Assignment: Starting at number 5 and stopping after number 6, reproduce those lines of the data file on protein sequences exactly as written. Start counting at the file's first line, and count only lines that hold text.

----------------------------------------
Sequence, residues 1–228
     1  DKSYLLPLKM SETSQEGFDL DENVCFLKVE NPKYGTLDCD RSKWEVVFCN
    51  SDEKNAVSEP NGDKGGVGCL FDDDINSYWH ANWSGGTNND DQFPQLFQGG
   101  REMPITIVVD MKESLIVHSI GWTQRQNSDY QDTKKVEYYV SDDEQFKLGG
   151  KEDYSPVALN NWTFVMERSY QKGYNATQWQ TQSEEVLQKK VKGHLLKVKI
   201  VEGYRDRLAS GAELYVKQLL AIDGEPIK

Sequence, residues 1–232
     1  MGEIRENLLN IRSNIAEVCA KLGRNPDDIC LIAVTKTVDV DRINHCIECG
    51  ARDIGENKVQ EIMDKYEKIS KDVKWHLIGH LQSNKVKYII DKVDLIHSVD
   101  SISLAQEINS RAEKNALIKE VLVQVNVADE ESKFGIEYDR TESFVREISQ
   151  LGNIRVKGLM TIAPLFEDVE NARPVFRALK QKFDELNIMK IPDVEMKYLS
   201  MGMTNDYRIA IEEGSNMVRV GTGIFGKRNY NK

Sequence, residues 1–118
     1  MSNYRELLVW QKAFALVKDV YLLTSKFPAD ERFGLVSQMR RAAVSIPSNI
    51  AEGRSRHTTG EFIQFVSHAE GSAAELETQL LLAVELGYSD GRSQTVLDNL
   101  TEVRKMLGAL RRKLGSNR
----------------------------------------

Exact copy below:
   151  KEDYSPVALN NWTFVMERSY QKGYNATQWQ TQSEEVLQKK VKGHLLKVKI
   201  VEGYRDRLAS GAELYVKQLL AIDGEPIK